An Open Data Institute (ODI) report predicts that eight million GP appointments could be scrapped each year in favour of “social prescribing” – non-clinical activities that can improve people’s health.
But for this to happen, the ODI said a “data infrastructure” would need to be put in place.
The report, The role of data in unlocking the potential of social prescribing, was published to coincide with the organisation’s 2021 summit. It was based on research carried out by the ODI in collaboration with Frontier Economics, an economics consultancy, and Mime Consulting, a data consultancy.
Speaking at the event, Louise Burke, managing director of the ODI, said “link workers” were social prescribers, but that when they look for activities for their clients to do they are compelled to Google a solution due to a lack of adequate data infrastructure. Link workers are non-clinical NHS employees, often connected with GP practices, and mental health is a common area for them to work in.
“We are seeing an investment in more link workers with a rise in mental health problems among young people in the pandemic,” said Burke.
Data infrastructure, described by the ODI as “data assets – such as statistics, maps and real-time service-use data – supported by people, processes and technology” is, according to the organisation, “currently a weak link in the social prescription model, which means that resources may not be directed appropriately”.
According to the ODI and its collaborators, better data availability could help GPs, link workers, charities and other health and well-being practitioners improve the provision of non-clinical interventions, from physical activity to assistance with social or welfare problems.
In support of the report, Ben Molyneux, a GP and clinical lead for social prescribing and personalised care in north-east London, said: “If GPs could redirect even 1% of our current caseload to social prescribers, we not only get these people to the right place first time, but we also create more capacity to deal with some of the unmet demand and huge backlog facing the NHS as a result of Covid.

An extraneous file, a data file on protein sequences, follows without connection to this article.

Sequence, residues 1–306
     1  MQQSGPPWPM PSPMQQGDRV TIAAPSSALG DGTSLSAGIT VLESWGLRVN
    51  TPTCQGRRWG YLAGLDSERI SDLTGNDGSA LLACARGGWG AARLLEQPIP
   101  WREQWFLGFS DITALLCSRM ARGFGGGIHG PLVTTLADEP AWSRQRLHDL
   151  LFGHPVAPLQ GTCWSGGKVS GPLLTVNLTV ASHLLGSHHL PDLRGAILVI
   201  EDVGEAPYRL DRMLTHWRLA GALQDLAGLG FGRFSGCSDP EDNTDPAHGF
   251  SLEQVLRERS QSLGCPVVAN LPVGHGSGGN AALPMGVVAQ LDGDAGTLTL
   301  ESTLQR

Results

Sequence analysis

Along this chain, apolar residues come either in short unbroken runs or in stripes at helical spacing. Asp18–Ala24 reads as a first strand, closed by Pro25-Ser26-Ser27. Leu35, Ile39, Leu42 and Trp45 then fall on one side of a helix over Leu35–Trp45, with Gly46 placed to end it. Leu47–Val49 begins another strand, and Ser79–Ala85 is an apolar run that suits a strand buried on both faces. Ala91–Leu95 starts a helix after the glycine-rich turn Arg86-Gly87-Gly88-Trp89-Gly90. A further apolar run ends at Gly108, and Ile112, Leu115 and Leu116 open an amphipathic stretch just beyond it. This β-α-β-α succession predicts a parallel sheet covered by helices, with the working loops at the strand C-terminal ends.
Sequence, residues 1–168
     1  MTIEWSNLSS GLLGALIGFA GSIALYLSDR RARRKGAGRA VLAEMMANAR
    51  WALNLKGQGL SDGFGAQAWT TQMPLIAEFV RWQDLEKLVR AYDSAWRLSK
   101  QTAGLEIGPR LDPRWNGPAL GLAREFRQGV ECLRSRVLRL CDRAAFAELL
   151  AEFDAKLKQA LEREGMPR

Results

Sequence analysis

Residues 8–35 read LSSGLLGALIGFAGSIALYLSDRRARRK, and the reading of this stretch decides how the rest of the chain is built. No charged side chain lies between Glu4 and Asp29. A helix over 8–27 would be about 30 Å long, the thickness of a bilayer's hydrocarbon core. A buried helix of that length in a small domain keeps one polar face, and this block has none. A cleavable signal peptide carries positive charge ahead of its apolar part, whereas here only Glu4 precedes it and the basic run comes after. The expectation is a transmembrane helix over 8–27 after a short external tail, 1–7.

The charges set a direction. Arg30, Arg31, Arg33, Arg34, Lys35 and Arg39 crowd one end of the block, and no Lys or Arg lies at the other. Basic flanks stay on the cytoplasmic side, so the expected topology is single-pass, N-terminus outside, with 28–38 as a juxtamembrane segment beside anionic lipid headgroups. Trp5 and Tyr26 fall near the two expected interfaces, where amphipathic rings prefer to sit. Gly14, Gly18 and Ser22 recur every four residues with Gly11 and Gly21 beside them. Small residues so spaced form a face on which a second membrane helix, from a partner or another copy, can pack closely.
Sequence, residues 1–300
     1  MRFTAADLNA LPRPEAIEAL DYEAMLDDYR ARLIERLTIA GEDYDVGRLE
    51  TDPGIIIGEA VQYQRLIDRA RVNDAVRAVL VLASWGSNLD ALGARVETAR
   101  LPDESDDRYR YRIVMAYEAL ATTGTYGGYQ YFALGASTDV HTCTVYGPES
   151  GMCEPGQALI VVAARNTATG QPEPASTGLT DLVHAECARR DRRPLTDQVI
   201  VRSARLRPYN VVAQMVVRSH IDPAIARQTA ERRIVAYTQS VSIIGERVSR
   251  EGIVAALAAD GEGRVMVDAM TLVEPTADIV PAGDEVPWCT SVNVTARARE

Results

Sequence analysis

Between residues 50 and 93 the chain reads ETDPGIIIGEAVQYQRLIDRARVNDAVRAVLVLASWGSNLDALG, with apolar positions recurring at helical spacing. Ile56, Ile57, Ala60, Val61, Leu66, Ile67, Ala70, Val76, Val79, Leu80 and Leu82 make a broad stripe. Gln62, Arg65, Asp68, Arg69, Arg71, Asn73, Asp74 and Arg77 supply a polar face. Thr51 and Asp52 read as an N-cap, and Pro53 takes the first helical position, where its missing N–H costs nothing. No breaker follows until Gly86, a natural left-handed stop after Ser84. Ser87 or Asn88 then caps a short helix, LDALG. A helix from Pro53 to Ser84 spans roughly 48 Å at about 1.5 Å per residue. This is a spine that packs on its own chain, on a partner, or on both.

“If a 4% reduction could be possible as this report suggests, that means a real difference to patients in terms of better health and well-being outcomes, and more people overall seeing a benefit.”
The report identified the inability to share data between those working in the social prescribing sector as a limit on its effectiveness and argued for a reduction in the cost of sharing through improved data foundations and/or mandating data sharing in some instances.
“This would help frontline social prescribing link workers to better work in their communities to ensure that social prescriptions are made efficiently and that the public sector or charity organisations they work with are not overwhelmed by demand, leading to waiting lists for services or activities,” it said.
In recent years, the ODI has worked with partners to tackle inadequacies in data infrastructure and data access in the health and physical activity sector. It worked with Sport England to create OpenActive, which has been making data about where and when activities happen openly available since 2016, enabling organisations to build apps and services that help people find things to do.
In a statement, Burke said: “There are significant gaps in the data infrastructure…particularly in the data related to the supply of relevant activities, as well as longitudinal data on the impact of social prescribing. The provision of activities to support social prescribing is fragmented and very localised, the data ecosystem is still nascent and trust is still developing in this area. But there are initiatives in development to help address some of these challenges, such as OpenActive.
“The standards and tools that OpenActive has already developed are critical foundations that can help to address some of the data infrastructure needs for social prescribing. The ODI looks forward to building on this and other initiatives to build key national data infrastructure to do more in this area.”
Released alongside the report was a mapping tool from Mime Consulting that shows the factors that could lead to a demand for social prescribing by English local authority areas.